When I suggested the Giants of San Juan series to Editor Boyle 16 months ago, little did I realize the ramifications of that commitment.
As an avid local history buff, I completely overlooked the time requirements of the project. Instead, I delighted in the thoughts of casual reading and writing about people who I deeply admire… many of whom had played a major role in my own life.
Frankly, the “Giants” series has become an obsession. Some of these great San Juaners have had books and scores of articles written about them.
Research requires more time than I imagined. My lifestyle has been changed and enriched as I have studied their lives and feasted on their character, integrity and dedication.
This week, the “Giant” is Aunt Jody Wood. Previously, it was Walter C. Lyman. I have heard superficial accounts of these two individuals all my life. But when I got into the literature and really discovered their monumental contributions and characters, I was reduced to tears at times. It is unfortunate that I was so busy in my younger years that I failed to take the time to appreciate the magnitude of my legacy.
My first LDS mission president in the British Mission in l963 was Marion D. Hanks. I idolized the man.
His last words to me before he returned to Salt Lake City at the end of his mission were, “Elder Jensen, you come from an area of rich pioneer heritage. Albert R. Lyman taught me in Seminary. I have read his books. I hope you will go back to San Juan and do everything you can to stand on the shoulders of those who have gone before.” Those words have had great influence in my life in the intervening 45 years.
In recent weeks, writing about Walter C. and Aunt Jody, I have thought many times, “me stand on these shoulders?” I feel like a mouse wandering around in the darkness of their massive shadows.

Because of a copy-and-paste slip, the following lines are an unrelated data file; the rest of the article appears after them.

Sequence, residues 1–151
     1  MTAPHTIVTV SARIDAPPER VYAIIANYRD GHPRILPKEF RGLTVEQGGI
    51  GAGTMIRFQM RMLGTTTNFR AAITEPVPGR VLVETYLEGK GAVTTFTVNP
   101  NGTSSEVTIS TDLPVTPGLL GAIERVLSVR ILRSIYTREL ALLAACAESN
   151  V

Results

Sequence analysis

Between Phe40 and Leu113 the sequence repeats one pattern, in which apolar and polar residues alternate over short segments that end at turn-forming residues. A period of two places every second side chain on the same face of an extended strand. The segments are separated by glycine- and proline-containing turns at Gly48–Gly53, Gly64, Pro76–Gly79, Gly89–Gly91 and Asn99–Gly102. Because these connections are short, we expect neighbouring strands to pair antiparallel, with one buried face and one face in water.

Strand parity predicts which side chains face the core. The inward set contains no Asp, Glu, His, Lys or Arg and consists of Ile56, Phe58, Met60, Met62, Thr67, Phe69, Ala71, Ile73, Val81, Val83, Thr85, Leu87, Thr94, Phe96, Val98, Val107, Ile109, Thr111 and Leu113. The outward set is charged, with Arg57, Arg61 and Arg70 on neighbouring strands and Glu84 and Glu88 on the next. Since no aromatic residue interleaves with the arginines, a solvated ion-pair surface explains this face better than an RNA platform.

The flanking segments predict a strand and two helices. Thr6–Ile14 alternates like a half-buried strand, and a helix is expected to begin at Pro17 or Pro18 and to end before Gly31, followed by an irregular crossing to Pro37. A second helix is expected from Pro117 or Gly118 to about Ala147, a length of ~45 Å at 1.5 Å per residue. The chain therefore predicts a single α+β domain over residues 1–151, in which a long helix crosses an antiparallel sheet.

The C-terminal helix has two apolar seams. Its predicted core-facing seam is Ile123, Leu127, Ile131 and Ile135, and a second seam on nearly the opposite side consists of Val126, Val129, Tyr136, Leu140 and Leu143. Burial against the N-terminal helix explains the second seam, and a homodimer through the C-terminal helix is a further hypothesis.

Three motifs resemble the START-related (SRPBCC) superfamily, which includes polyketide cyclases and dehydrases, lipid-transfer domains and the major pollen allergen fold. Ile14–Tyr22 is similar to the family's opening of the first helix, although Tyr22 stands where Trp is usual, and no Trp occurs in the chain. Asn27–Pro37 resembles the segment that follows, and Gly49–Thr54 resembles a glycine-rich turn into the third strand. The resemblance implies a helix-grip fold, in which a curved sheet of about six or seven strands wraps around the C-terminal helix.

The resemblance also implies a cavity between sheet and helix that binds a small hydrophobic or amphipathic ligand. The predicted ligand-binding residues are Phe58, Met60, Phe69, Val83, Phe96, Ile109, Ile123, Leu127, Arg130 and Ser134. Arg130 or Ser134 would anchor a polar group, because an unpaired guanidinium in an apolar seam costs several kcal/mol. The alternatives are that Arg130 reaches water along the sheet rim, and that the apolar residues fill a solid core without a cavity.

Reading and writing about their lives, along with the others in the series, has profoundly affected me.
I defy you to read the account of Jody Wood’s heroic saving of Albert R. Lyman’s first wife and baby and not be brought to tears. Their inspiring stories have reminded me how lacking I am in the matter of “standing on shoulders.” What an inspiration they are. How blessed I am to be able to study their lives.
Perhaps the biggest challenge I have faced is abridging their remarkable lives into a single newspaper page. Books should be written about them, not single newspaper pages. I am so proud to be a San Juaner. I am proud that my pioneer ancestors (on both sides) have been here from the beginning.
I was called to be one of two missionaries to assist Elder Mark E. Petersen, of the Quorum of the Twelve, in September of 1964. He presided over the 14 missions of Western Europe.
The day I arrived at his beautiful home in Leatherhead, Surrey, England, we sat down for my first interview and his first words were: “Elder Jensen, I see you are from Monticello and the San Juan Stake. You may be interested to know that the two wards in Monticello in recent years are among the top three percent in the entire Church in the payment of tithes.”
(You will recall at that time there were folks in Monticello who had made fortunes in uranium and oil and were paying tithing on their fortunes, along with a lot of other successful people) “The San Juan Stake has always been one of the bulwarks of the Church. I will expect a lot from a missionary from such a place.”
For a scared to death kid from Monticello, those were unforgettable words. (I was terrified I might fail in this calling and be sent back to the British Mission, as had my predecessor, who had lasted two weeks of a six-month call.)
When I left that calling in March of l965 President Petersen’s last words were, “go home and build on the legacy of your pioneer forebears.”
Life doesn’t always turn out the way we plan. The negative vicissitudes of life have landed hard in my court a few times. But despite all, “Life is (truly) Good.” And much of that “goodness” is because I have been privileged to live in this magnificent land where many of the descendents of Walter C, Aunt Jody and so many others still live today.
The more I study this county and its history and the better I get to know the people who live here, the more appreciative I am to live “in the middle of nowhere.”
Marcia and I have visited every state in the union (except Hawaii and Maine) in the five years since we married. But nowhere brings a lump to my throat when I see it like my beloved Blue Mountains whenever I return from anywhere. There is no place like home.
Thanks to so many of you who have been supportive in my attempts to write the news, my column and this special series on our shared heritage. I pray every time I sit down to write that I will be assisted in distilling the greatness of our heritage in a way that my readers may appreciate its depth, breadth and richness. Perhaps more now than ever before, in these trying times, we need the strength and example of our own “Giants”.